v14_2003h - 7 TOURISM AND THE POLITICS OF CULTURAL...

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Journal of Public and International Affairs , Volume 14/Spring 2003 Copyright 2003, the Trustees of Princeton University http://www.princeton.edu/~jpia 7 T OURISM AND THE P OLITICS OF C ULTURAL P RESERVATION : A C ASE S TUDY OF B HUTAN Marti Ann Reinfeld Marti Ann Reinfeld is a Master of Public Administration candidate at the Maxwell School of Citizenship and Public Affairs, Syracuse University ([email protected]). Tourism generates tremendous revenue for developing countries, but also serves as an instrument for the spread of Western cultural homogeneity. This article evaluates Bhutan’s tourism policy based upon three criteria: opportunity for foreign exchange, space for cultural evolution, and prevention of cultural pollution. While Bhutan has experienced some success in its synthesis of tradition and modernity, it is likely to face significant challenges in the future. Ultimately, six recommendations are provided to strengthen Bhutan’s tourism policy in light of its attempts to preserve its unique culture.
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1 I NTRODUCTION : C ULTURAL EVOLUTION The Need for Cultural Diversity The United Nations Educational, Scientific and Cultural Organization (UNESCO) states that culture is “the whole complex of distinctive spiritual, material, intellectual and emotional features that characterize a society or social group. It includes . . . modes of life, the fundamental rights of the human being, value systems, traditions and beliefs” (2002). Culture evolves with a people as a guidebook for living well with each other. Like biological species, the environment in which it is housed and the resources available to it guide a culture’s evolution. Cultures are living systems; they continually evolve as conditions, such as mounting population pressures and resource availability, change. The evolution of a culture also is influenced by its contact with other disparate cultures. When cultures interact, there is an inevitable exchange of ideas, values, rituals, and commodities. Ideally, the exchange is of the most effective and equitable elements of each society—those elements that lend themselves to the attainment of a socially and environmentally sustainable society. Cultural diversity represents the expanded opportunity for learning through intercultural dialogue. Because each culture has evolved in a unique environment with a unique set of physical and human resources, each has a distinct set of guidelines for living to add to the cultural pool. In theory, the opportunity for cultural learning in the 21st century is greater than ever. Globalization, in the form of world markets, free trade, and mass tourism, provides endless opportunities for the cultural interaction that opens the door for cultural dialogue. The current push for globalization, however, is overwhelmingly characterized by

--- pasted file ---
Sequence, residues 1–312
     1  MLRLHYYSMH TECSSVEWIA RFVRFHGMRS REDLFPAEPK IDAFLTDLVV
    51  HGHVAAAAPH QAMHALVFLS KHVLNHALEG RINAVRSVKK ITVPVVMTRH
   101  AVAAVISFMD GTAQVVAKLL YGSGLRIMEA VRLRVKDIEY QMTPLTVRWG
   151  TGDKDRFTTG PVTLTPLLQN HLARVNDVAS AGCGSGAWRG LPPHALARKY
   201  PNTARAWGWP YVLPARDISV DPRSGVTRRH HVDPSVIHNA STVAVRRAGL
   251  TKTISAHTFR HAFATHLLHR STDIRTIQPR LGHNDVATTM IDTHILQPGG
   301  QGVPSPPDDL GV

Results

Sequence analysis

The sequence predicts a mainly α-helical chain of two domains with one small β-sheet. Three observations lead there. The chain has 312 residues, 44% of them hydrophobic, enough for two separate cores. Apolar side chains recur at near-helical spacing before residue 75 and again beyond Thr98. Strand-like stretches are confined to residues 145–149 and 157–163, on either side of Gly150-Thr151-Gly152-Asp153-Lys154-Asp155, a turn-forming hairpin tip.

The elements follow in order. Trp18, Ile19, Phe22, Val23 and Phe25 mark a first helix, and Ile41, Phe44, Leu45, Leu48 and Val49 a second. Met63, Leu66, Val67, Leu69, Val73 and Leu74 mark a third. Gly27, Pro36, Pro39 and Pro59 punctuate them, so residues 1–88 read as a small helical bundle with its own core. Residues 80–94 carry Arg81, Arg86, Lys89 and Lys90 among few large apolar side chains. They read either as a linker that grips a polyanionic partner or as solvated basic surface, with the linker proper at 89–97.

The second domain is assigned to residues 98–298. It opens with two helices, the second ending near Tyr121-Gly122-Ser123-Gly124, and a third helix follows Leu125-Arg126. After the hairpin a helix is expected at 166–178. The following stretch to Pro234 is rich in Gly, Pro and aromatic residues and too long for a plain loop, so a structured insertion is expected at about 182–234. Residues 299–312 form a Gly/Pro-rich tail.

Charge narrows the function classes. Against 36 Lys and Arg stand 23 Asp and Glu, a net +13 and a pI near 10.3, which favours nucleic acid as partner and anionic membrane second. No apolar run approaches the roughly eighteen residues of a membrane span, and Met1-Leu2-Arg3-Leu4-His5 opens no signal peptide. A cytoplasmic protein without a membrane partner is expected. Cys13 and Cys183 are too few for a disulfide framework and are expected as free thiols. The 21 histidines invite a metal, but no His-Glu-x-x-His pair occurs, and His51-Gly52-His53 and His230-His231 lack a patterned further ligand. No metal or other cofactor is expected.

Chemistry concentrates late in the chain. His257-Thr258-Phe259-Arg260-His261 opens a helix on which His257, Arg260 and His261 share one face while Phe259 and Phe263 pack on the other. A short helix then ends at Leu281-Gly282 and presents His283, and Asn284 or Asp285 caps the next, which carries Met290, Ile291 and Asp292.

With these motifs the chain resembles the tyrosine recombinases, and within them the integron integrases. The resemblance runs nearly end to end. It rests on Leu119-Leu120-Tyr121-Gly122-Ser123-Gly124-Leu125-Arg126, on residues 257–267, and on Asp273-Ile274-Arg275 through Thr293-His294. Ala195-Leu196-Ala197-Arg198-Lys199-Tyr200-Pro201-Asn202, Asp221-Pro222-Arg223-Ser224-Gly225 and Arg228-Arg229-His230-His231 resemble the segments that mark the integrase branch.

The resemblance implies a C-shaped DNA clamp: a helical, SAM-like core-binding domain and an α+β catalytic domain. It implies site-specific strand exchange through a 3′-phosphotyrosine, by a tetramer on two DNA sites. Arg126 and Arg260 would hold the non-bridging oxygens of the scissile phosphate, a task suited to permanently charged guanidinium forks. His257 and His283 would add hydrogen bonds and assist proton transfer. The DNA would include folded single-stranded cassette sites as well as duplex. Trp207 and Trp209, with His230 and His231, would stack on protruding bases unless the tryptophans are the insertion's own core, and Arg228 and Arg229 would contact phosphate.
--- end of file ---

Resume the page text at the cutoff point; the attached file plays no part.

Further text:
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the assumption that Western culture is the most suitable model for progress. The language of globalization, for example “developed” versus “developing” in regard to
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